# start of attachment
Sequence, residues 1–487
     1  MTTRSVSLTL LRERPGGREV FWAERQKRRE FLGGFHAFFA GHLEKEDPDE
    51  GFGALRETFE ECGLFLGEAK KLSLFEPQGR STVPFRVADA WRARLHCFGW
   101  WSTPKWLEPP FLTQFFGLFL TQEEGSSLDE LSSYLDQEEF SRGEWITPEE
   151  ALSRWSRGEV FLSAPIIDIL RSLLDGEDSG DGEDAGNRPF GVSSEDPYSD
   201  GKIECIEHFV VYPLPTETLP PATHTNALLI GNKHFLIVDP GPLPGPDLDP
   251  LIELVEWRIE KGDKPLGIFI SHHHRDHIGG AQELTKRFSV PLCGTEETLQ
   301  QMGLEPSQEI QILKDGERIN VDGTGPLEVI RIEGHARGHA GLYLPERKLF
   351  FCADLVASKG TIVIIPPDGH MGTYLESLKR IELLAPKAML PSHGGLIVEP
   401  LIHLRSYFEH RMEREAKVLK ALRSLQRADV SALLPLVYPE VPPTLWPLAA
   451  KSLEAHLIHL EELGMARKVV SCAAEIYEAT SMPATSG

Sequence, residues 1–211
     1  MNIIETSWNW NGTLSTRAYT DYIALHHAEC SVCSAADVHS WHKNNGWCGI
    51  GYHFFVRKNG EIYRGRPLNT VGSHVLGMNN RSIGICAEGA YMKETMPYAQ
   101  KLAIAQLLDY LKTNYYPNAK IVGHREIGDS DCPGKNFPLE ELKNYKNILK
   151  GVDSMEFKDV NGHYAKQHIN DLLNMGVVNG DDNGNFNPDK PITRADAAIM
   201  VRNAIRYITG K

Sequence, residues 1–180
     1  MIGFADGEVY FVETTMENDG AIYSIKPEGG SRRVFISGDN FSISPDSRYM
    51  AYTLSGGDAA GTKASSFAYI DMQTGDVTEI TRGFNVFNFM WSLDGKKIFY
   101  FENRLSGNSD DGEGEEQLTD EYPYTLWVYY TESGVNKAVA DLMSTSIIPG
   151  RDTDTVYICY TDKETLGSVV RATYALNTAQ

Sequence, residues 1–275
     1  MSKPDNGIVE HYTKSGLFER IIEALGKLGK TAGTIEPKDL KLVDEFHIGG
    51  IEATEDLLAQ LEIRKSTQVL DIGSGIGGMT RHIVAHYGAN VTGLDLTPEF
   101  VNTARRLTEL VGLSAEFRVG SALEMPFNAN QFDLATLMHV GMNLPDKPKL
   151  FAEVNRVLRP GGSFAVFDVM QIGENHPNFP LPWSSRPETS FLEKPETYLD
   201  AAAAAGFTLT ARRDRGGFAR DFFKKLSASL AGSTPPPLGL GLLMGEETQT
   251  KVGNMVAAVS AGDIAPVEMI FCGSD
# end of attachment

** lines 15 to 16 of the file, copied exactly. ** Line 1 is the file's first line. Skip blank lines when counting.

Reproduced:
   101  KLAIAQLLDY LKTNYYPNAK IVGHREIGDS DCPGKNFPLE ELKNYKNILK
   151  GVDSMEFKDV NGHYAKQHIN DLLNMGVVNG DDNGNFNPDK PITRADAAIM